We’ve got two fascinating Winter Lectures lined up for 2022. Both will take place in the Interpretive Center’s Iseminger Auditorium. Our featured lecturers are Julie Zimmermann, PhD, Southern Illinois University Edwardsville and Dr. Jacob Holland-Lulewicz, PhD, Washington University St. Louis. Be sure to check out each lecture to learn about the most current research into Cahokia Mounds.
The first installment of this year’s Winter Lecture series is by Dr. Julie Zimmerman. This lecture will take place January 16 at 2 pm in the Iseminger Auditorium. Dr. Zimmerman discusses Cahokia as a state focused on storytelling. The abstract of Dr. Zimmerman’s lecture, “Storytelling in the Creation of Cahokia,” follows.
Dr. Zimmerman states, “I have argued that Cahokia might best be understood as the capital of a Native American theater state, which drew people to it and spread its influence by attracting followers through theatrical rituals. In current research I argue that storytelling was primary among those rituals. All humans define and create the perceived world through language and stories, and storytelling is a central ritual in oral societies, the foundation for all other rituals. Traditional Native American beliefs indicate that words form the world; contemporary Native American viewpoints also suggest that stories are essential and create the world. Cahokian stories were remembered and commemorated with Braden-style artworks made at and disseminated from Cahokia. Primary among these stories was that of a great hero who wore human head earrings. Other stories were told at Cahokia, but the stories of heroes are those most often depicted in Braden-style artworks found far from Cahokia. The dissemination of hero stories supports the notion that Cahokia was a state; heroic storytelling was central to the growth of the state. Cahokians created their world through stories, but it was through hero stories that they grew their authority in far-flung societies.”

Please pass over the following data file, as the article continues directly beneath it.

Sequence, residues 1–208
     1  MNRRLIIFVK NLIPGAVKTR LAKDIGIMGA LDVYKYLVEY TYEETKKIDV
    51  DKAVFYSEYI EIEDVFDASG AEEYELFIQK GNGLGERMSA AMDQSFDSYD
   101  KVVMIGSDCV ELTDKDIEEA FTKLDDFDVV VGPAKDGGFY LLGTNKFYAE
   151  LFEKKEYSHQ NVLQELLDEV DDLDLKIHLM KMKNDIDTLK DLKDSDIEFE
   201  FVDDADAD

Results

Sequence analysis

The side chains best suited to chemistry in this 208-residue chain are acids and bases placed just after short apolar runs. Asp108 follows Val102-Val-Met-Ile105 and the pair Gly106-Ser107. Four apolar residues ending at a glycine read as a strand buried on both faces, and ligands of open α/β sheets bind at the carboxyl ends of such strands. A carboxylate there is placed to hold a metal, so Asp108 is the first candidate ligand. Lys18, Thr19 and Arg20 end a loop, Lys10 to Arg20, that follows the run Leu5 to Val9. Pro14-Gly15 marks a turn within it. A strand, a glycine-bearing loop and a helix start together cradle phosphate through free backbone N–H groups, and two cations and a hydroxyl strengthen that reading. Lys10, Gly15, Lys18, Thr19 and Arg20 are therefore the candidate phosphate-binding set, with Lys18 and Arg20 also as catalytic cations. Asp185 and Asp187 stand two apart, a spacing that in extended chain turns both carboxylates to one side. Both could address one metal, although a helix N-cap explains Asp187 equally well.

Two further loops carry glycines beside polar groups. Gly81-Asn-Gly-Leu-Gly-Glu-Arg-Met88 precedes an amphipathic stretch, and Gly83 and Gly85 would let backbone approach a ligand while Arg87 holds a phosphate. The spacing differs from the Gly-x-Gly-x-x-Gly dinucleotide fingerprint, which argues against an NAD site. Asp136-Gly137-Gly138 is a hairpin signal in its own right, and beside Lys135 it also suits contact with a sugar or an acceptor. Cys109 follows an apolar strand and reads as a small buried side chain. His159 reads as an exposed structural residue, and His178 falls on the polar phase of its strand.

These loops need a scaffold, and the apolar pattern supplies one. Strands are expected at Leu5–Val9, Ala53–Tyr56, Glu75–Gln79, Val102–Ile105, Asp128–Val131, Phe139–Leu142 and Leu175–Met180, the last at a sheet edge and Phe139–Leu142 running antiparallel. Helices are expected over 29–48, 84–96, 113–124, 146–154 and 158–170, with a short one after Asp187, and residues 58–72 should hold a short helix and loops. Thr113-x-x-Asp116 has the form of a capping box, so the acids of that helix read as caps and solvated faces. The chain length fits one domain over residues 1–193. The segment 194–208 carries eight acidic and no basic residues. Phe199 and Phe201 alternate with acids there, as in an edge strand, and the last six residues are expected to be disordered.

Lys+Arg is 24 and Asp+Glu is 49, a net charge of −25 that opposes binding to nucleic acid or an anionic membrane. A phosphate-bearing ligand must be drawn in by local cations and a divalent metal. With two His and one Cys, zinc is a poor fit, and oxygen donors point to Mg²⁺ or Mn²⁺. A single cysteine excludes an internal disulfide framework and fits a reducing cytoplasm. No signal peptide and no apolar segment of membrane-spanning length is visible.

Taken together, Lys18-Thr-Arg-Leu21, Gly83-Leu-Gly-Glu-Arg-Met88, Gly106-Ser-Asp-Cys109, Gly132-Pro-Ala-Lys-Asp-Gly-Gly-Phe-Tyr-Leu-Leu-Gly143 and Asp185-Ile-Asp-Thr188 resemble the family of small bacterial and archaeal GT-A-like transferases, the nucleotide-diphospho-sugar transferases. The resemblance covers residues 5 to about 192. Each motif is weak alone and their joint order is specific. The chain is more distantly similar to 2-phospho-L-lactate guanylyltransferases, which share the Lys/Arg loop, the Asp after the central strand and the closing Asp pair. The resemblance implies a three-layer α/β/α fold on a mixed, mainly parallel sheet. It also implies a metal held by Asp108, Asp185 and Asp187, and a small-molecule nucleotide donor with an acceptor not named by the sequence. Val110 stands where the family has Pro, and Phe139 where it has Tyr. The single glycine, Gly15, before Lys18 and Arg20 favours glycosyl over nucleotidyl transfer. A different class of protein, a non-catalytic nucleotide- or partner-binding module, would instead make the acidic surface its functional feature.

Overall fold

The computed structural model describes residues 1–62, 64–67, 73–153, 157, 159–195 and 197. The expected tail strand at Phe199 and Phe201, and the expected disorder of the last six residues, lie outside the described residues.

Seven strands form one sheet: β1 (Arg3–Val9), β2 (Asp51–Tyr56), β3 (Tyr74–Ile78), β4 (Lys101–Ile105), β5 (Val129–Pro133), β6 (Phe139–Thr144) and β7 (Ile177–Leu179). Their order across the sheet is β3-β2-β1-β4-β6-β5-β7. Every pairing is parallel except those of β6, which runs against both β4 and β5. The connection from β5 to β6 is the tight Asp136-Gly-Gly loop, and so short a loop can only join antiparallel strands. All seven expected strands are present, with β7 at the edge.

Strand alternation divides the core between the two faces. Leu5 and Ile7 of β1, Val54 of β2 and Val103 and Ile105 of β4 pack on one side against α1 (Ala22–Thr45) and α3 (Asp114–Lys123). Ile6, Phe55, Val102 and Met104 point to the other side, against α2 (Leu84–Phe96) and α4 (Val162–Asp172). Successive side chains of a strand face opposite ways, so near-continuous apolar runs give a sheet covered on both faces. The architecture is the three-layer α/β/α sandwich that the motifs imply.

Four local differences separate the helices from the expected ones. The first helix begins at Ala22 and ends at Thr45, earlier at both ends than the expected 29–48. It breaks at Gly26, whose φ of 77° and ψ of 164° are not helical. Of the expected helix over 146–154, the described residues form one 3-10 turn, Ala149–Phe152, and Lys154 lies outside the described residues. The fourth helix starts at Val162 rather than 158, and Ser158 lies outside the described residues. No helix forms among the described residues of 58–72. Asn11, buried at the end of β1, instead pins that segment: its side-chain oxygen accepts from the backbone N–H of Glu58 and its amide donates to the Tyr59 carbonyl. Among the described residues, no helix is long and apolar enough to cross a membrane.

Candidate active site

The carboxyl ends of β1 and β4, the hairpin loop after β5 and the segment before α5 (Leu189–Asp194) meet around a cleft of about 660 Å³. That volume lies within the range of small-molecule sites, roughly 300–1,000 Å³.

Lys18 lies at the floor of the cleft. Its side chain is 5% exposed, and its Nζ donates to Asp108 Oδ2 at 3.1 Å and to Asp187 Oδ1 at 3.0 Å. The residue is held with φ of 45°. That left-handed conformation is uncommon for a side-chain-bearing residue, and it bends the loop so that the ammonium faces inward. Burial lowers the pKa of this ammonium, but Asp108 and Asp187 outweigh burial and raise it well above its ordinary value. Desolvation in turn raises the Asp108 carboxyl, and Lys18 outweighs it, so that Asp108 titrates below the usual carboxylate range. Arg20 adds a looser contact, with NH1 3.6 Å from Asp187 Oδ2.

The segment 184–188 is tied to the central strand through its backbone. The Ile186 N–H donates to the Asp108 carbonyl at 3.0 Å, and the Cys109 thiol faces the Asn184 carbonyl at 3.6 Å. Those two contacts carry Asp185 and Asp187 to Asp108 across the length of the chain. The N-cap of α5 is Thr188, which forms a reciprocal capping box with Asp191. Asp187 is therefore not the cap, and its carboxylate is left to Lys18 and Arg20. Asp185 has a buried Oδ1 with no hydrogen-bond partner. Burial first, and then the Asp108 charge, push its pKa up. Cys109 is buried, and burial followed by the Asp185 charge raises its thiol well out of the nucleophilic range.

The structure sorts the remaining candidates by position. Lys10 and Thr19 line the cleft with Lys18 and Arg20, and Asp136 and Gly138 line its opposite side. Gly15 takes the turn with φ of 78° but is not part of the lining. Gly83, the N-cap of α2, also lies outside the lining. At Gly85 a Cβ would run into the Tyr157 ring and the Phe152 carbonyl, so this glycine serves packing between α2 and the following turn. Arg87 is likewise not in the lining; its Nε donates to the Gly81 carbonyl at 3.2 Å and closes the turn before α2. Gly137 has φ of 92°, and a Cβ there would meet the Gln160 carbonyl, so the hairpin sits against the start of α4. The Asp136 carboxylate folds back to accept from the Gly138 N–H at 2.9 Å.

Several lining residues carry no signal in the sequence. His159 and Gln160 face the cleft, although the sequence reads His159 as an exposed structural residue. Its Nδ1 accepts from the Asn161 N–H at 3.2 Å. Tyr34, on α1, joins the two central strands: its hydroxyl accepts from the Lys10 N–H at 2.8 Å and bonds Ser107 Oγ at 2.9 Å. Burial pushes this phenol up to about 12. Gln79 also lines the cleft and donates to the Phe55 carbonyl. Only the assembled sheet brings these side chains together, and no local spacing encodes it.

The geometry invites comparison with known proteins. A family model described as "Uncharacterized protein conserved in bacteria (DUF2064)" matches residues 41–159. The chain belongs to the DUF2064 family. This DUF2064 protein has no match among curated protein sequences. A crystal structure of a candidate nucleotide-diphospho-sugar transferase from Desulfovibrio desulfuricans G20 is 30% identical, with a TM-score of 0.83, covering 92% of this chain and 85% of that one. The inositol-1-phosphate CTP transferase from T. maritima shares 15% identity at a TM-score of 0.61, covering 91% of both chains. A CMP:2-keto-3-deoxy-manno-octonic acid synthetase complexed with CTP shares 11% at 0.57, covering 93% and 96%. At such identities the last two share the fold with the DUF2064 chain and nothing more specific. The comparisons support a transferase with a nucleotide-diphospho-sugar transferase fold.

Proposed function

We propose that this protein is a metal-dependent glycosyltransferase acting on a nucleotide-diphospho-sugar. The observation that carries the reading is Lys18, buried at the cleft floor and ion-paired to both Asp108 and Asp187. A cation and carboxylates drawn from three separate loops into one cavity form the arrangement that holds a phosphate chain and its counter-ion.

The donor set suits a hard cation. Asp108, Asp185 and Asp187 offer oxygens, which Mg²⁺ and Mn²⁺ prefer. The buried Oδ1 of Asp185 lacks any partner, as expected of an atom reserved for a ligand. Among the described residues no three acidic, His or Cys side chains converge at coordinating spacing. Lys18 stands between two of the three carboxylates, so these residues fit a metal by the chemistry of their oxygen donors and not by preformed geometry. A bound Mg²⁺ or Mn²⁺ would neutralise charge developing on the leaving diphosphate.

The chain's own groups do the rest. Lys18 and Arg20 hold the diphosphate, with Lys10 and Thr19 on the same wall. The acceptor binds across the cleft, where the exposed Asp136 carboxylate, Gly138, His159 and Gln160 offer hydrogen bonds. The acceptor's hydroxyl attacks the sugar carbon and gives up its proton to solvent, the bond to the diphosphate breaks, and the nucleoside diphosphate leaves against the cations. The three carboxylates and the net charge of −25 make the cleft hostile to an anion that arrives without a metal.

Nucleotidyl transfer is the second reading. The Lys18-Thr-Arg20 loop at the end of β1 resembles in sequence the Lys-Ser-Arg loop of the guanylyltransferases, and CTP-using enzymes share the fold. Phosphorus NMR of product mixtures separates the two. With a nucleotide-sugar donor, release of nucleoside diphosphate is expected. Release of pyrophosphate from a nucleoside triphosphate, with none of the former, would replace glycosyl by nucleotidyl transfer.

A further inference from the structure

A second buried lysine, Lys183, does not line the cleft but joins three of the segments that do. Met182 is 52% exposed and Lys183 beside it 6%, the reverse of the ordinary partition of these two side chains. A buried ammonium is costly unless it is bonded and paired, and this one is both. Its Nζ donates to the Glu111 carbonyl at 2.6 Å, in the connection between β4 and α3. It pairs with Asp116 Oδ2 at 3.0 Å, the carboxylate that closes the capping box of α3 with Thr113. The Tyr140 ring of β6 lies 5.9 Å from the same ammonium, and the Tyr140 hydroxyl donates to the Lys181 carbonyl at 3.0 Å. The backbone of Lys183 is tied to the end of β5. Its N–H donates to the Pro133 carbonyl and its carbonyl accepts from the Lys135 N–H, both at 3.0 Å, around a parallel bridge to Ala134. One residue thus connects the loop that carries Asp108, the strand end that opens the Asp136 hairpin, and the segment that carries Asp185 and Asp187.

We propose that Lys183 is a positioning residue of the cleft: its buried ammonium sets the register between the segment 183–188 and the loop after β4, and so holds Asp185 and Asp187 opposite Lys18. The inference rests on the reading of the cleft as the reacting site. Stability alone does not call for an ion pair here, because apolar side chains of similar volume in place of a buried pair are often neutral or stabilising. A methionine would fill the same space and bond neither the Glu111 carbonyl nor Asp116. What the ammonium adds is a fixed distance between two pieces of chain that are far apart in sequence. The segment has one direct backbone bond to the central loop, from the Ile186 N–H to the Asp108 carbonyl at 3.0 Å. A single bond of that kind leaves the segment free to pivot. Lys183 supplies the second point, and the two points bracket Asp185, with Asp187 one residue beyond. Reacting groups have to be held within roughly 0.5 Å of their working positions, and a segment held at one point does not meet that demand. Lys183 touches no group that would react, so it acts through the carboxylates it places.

This year’s second lecture, “The Western Flank Survey: From Mississippian to Modern-Day in the Shadow of Monks Mound,” will be given by Dr. Jacob Holland-Lulewicz on February 20 at 2 pm in the Iseminger Auditorium. Read the abstract below.
Dr. Holland-Lulewicz explains, “In this talk, I summarize recent results from the Western Flank Survey, an extensive shovel-test survey of the area immediately abutting the western flank of Monks Mound. Though small in geographic extent, this seemingly insignificant slice of Cahokia has played host to over 1,000 years of human activity: from the moundbuilding and landscape modifications of the original Indigenous occupants, to French missionaries and monks, nineteenth century farmers, and most recently a century’s worth of heritage-making and tourism. Using recent survey results, carefully narrated artifact biographies, and a wealth of historical maps and documents, we will explore a millennium of regional history as reflected, assembled, and staged in the western shadow of the great Monks Mound.”
These lectures are the result of meticulous archaeological research and brought to you by the Cahokia Mounds Museum Society. If you wish to ensure that the society is able to continue helping research the city of Cahokia, please consider joining as a member or donating to our Annual Fund Drive. If you chose to give to the Annual Fund Drive, a one time donation of $125 or a sustained monthly donation of $10 will get you one of our yearly, one of a kind AFD shirt.
The funds generated by these memberships and donations go to research like these lectures, as well as educational outreach, cultural events, new programs like our “Back to the City of the Sun” augmented reality project, and land acquisition efforts. Please consider us during this giving season.